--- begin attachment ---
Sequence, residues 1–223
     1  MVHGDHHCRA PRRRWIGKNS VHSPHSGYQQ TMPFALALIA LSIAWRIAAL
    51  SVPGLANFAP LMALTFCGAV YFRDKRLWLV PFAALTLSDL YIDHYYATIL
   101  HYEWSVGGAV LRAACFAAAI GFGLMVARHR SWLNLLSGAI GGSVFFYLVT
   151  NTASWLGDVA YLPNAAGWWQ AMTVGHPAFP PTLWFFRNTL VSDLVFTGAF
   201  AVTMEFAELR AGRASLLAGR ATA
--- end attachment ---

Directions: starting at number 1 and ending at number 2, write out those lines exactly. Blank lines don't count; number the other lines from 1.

Sequence, residues 1–223
     1  MVHGDHHCRA PRRRWIGKNS VHSPHSGYQQ TMPFALALIA LSIAWRIAAL